Technical Assistant (m/f/d) | Behavioural work and chick rearing

Max Planck Institute for Ornithology, Seewiesen

Type of Job

Young Researchers

Behavioral Sciences Microbiology & Ecology Neurosciences Physiology

Job Code: ORNI_W

Job offer from December 20, 2021

Technical Assistant (m/f/d) needed for behavioural work and chick rearing in a captive ruff population at the Max Planck Institute for Ornithology, Seewiesen, Germany.

We are looking for a technical assistant who is interested in avian behaviour and breeding ecology, and wants to gain more bird handling experience. The assistant will support a PhD student and a postdoctoral researcher with their data collection for two research projects on mating behaviour and ontogeny conducted with a captive ruff population at the Max Planck Institute for Ornithology in Seewiesen.

Background

Ruffs are sexually dimorphic lekking waders with behaviourally diverse male mating strategies making them a classic model organism for evolutionary and behavioural biologists alike. Ruff males have three Alternative Reproductive Tactics (ARTs), which differ in morphology and reproductive behaviour. Our lab tries to understand the evolutionary and behavioural mechanisms that operate to maintain these distinct ARTs. During the breeding season we will study the cooperative behaviour between male morphs during courtship and characterise the morphological and behavioural development of chicks during the first months of their lives.

Activities

All methods have been established and previously tested. From beginning of May until Mid-June the mate choice experiments take place. Details of the experiments have been pre-registered.

In brief, experiments will be run two times a day, every day for about 6 weeks. The first daily session will last from 5:30am to 10:00am and the second one from 6pm to 8pm. The research assistant will help catching and releasing birds for these experiments. The exact schedule will be determined in advance. The assistants will also help with some basic maintenance work and egg search in the aviary, although animal care is provided by professional care takers. Furthermore, the assistant will be involved with video coding of behavioural trials, which provides an excellent opportunity to obtain experiences in behaviour coding.

In early June, the first chicks start hatching. From this point on, help with the chick care will take an increasingly large part of the assistant’s work. Precocial ruff chicks are hand raised and regularly monitored to ensure that they learn to feed independently and stay hydrated. Additionally, we regularly weigh chicks’ weight and take morphometrical measures. Also, the assistant will help with a number of behavioural tests (e.g. fledging, precursors of courting behaviour, exploratory and risk taking behaviour) that will take place at regular intervals.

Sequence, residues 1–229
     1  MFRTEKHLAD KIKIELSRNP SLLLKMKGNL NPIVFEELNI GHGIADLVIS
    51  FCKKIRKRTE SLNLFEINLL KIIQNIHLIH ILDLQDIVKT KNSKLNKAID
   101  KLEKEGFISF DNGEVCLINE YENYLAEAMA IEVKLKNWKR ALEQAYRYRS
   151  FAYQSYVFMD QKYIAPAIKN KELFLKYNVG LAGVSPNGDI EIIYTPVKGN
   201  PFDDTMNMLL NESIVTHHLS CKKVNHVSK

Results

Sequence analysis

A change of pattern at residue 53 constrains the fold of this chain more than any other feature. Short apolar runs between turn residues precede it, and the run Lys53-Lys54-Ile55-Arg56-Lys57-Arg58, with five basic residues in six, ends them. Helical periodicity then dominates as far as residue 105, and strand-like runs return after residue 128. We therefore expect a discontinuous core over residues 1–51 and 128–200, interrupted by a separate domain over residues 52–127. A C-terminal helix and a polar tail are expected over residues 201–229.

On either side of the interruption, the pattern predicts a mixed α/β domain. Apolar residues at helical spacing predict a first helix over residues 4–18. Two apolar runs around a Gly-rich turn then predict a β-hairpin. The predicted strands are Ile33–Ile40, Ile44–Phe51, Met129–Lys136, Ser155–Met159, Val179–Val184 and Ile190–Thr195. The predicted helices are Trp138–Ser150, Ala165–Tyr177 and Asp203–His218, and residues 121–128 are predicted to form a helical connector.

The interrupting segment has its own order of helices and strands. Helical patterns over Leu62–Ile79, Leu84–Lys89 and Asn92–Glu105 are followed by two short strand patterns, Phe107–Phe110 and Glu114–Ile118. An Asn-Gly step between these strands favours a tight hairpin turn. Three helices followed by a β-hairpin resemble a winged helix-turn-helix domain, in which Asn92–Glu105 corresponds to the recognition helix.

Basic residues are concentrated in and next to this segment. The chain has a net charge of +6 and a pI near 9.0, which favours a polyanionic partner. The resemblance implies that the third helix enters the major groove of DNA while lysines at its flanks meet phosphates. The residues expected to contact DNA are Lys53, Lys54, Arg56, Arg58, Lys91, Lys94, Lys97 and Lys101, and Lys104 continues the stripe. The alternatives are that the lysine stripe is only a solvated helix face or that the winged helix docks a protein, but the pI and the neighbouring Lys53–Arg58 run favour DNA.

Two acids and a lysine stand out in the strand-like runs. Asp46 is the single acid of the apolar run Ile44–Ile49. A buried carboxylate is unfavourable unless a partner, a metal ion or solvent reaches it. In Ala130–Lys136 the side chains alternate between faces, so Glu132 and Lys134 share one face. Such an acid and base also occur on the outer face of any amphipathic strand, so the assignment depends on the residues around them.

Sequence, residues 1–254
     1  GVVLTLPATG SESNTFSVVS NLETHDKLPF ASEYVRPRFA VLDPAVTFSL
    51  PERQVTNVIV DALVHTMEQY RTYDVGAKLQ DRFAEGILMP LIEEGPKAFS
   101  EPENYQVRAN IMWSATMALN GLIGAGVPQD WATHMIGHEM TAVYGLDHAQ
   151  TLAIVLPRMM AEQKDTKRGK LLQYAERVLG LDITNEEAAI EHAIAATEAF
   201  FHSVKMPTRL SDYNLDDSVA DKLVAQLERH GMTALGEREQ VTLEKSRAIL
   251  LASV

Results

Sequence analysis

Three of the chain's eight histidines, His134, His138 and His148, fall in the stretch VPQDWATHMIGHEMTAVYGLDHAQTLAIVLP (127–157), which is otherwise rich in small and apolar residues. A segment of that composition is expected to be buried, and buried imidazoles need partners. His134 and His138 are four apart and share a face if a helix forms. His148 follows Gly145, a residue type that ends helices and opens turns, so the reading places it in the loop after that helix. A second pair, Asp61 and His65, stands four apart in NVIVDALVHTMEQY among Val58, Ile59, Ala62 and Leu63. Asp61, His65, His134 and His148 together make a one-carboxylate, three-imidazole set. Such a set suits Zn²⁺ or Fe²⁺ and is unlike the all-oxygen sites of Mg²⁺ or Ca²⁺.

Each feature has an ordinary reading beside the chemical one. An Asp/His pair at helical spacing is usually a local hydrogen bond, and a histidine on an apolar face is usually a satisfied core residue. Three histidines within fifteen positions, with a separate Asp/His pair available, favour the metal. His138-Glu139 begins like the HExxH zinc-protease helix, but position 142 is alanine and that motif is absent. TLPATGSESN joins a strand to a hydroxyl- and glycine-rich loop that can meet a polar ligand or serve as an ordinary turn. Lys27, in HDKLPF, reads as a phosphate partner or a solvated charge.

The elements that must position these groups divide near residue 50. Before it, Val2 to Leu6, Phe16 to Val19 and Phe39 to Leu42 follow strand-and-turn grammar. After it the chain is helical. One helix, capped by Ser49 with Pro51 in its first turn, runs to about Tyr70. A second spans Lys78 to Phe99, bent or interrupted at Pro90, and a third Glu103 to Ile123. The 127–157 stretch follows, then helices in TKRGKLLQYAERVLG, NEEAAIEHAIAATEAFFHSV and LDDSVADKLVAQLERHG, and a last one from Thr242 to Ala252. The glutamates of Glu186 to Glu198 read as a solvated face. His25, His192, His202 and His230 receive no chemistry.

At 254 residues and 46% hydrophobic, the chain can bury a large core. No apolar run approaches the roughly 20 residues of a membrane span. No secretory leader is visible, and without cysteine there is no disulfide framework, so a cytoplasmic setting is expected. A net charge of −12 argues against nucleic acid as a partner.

Acquired skills

The assistant will receive training in handling live birds, as well as artificial incubation, chick raising and behavioural testing. Furthermore, they will learn coding with a specific behavioural coding software (BORIS) and gain valuable insights into behavioural analysis of big data sets of complex behaviours.

Required skills

Candidates should be willing to work under variable/flexible schedules. Importantly, they should be meticulous in note taking and data recording. Previous experiences in capturing and handling birds are helpful but not required.

Job details

1st May until 31st July 2022. The position will be fully re-numerated according to TVÖD. Potentially, there is the possibility to follow up this work with a master thesis.

Application

If you are interested or have questions, please contact: Veronika Rohr . When applying please include a short cover letter describing how you meet the position requirements and your CV/resume plus two references.

Deadline for applications is 23rd January 2022

Further information about our research group.

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